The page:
Tehillim and tzedaka are both known for their power to protect and save. In a little known sicha, the Rebbe makes a heartfelt request that they be done together each day after davening.
In a sicha on Chai Elul 5745/1985, the Rebbe explained that for ages Yidden have used both reciting Tehillim and giving tzedaka to bring about salvation from potential calamity. Doing both together, the Rebbe explained, would increase their power in stopping any danger.
The Rebbe then made a “heartfelt and soulful request” that tzedaka be given in conjunction with Tehillim said after davening. This is in addition to the regular tzedaka given before davening.
The sicha is printed in Likkutei Sichos, volume 29, pages 297-299, and we bring you a partial translation printed in “The Rebbe’s Directives”:
Here is the appropriate place to discuss something very surprising, which I have yet hear it be pointed it out (and certainly to be instituted in constant and actual practice).
It has been the age-old practice of Jews to recite Tehillim when in need of overturning Heavenly decrees and forestalling misfortune.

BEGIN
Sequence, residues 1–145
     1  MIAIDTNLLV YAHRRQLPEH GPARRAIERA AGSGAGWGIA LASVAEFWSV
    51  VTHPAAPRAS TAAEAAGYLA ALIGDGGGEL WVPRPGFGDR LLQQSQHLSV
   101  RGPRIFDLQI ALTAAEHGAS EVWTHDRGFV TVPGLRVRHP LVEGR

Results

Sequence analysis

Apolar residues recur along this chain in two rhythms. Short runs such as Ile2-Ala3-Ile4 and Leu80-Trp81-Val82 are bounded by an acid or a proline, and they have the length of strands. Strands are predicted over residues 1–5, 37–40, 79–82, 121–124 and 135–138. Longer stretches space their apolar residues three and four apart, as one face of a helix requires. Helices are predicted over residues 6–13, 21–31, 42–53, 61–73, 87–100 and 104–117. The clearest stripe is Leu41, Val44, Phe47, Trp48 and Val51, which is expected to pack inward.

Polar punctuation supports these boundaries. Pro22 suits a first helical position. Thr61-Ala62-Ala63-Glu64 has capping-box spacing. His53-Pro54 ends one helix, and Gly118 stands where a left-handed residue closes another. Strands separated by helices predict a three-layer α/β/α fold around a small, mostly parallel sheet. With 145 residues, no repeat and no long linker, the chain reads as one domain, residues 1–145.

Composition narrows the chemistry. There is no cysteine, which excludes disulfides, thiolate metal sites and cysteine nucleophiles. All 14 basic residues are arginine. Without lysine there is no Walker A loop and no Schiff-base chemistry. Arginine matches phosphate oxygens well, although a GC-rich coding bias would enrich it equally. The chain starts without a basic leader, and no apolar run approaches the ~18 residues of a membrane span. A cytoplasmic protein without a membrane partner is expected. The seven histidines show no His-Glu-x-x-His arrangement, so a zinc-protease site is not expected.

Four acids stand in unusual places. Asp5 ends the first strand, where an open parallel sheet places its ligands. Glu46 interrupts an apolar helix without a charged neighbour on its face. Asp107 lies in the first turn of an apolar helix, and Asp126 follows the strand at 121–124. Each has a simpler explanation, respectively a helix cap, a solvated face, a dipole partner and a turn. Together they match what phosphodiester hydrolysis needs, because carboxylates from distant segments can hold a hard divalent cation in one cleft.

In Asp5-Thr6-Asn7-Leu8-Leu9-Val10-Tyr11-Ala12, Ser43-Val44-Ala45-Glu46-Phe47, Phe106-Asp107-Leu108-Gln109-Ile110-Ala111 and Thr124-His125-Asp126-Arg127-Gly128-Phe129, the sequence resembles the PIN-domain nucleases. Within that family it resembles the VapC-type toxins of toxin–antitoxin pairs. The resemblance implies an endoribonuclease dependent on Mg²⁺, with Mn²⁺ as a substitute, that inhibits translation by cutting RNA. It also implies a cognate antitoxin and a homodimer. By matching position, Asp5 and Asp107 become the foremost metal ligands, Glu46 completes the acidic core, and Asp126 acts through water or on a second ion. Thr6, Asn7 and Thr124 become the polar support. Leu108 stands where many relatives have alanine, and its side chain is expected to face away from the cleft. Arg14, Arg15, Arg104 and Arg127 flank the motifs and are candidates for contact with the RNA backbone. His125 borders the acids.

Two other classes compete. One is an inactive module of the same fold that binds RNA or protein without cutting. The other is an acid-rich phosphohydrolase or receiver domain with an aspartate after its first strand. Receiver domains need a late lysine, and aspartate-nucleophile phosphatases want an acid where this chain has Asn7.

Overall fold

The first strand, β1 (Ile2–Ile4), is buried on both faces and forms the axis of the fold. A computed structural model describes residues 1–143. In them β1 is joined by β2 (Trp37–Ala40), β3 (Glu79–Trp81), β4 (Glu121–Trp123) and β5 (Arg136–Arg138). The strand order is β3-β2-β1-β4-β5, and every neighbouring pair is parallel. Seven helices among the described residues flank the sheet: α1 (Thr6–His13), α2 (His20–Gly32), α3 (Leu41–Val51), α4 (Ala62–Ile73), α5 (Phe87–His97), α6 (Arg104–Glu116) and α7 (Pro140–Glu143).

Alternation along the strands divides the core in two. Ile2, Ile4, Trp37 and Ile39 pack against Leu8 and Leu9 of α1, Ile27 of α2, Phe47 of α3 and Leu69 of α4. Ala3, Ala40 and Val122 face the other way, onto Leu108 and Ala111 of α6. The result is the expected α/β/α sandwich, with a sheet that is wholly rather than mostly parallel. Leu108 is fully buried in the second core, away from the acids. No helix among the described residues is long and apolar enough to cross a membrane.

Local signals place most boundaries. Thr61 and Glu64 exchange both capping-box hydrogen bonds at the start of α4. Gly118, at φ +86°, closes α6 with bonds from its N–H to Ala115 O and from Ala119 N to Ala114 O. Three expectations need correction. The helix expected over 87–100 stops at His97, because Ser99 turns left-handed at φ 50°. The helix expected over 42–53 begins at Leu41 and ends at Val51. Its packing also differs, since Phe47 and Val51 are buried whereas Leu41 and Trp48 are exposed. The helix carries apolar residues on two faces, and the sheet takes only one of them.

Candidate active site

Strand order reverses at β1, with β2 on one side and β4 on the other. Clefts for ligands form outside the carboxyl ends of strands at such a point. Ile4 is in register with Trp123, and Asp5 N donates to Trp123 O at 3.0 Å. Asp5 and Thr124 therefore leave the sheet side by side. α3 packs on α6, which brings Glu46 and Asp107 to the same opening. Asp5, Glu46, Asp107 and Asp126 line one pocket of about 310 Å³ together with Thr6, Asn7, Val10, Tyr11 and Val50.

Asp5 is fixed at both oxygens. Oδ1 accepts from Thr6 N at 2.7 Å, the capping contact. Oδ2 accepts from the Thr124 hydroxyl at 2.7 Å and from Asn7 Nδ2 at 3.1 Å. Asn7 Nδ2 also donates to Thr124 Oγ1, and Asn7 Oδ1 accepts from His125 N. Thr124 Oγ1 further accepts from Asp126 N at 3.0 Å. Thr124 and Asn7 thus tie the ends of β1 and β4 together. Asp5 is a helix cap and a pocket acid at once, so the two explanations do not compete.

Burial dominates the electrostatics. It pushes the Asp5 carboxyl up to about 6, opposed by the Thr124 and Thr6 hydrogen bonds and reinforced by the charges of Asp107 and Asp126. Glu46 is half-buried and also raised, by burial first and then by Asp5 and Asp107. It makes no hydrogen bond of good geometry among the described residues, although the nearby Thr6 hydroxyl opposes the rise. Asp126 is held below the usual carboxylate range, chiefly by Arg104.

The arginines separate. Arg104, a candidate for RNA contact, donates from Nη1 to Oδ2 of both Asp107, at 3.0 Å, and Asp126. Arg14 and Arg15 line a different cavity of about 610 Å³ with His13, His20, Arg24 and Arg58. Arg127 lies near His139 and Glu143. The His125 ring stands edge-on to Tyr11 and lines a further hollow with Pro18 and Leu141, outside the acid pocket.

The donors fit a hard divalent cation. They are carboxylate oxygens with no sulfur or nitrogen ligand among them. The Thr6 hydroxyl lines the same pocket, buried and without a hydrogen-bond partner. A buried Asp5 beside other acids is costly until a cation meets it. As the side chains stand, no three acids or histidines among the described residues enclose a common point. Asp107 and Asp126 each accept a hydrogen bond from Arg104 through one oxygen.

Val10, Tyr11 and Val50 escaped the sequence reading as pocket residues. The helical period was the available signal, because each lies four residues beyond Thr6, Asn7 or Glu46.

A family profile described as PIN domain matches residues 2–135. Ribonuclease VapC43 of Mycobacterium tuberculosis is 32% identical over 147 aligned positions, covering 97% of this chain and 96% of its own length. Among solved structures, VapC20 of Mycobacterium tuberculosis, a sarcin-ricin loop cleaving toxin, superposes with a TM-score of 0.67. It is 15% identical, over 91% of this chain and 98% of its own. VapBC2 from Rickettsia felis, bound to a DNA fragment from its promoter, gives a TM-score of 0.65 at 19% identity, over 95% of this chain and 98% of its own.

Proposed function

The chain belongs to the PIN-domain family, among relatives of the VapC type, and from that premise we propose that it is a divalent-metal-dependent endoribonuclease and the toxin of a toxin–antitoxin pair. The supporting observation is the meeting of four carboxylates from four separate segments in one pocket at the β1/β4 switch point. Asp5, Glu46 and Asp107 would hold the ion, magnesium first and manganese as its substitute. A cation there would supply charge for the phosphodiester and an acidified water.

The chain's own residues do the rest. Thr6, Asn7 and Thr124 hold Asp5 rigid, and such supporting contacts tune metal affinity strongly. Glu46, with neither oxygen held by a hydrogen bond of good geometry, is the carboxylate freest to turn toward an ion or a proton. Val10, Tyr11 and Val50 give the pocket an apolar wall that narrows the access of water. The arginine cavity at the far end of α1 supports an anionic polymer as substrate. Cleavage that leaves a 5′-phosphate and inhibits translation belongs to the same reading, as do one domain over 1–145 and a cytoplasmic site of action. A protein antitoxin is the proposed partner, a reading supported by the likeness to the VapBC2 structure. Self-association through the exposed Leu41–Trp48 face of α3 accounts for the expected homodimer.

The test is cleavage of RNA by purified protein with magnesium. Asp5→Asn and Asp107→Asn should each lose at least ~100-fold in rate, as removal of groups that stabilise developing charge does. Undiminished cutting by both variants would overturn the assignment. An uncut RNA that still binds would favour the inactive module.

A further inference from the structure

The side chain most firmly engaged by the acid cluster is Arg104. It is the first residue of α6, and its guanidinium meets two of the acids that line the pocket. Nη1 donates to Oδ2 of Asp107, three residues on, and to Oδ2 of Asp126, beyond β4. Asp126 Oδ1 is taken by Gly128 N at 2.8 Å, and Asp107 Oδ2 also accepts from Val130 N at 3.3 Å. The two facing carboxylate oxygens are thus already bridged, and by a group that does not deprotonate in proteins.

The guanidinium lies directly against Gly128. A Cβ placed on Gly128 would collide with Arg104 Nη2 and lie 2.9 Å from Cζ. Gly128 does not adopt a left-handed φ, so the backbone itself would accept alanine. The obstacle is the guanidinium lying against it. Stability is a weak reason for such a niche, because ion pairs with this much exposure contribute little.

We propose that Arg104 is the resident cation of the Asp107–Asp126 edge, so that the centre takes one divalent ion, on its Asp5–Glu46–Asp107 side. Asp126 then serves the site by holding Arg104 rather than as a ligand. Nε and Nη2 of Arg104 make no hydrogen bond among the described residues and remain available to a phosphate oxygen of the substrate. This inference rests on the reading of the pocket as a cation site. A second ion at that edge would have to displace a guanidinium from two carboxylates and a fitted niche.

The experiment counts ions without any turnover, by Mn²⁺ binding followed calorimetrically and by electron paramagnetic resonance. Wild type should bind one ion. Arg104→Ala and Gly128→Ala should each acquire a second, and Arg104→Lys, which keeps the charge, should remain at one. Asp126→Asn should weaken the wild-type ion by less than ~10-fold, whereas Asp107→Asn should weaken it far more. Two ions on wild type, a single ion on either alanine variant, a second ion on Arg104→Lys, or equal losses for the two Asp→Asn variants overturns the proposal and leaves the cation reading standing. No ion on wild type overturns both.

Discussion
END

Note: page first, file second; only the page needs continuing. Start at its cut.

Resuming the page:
There is another strategy that is especially effective in averting calamity-to give tzedakah.
This is because it is our sins that are the underlying cause of any negative occurrence, and giving tzedakah cancels out the effect of our sins, as the Posuk states, “Your sin can be redeemed with charity” (as explained in Igeres Hateshuvah and Igeres Hakodesh).
Furthermore, the Alter Rebbe explains in the first section of Tanya that the mitzvah of tzedakah is equal to all the other mitzvot put together. When someone gives tzedakah, he gives away what he earned through his own hard work, thus elevating his entire being to Hashem. Even if someone is independently wealthy and does not need to work, he could have used this money for his own necessities, so by giving it to tzedakah he is giving his life to Hashem.
It would thus be most fitting to practice the act of giving tzedakah whenever Tehillim is being recited to avert an evil decree, or even when it is being recited for any other reason with joy and gladness of heart (for example, to fulfill the Rebbe’s directive to recite a portion of Tehillim each day or to add three kapitlach each day during Elul.)
(It is self-evident that this practice is to be observed only on days when money may be handled.)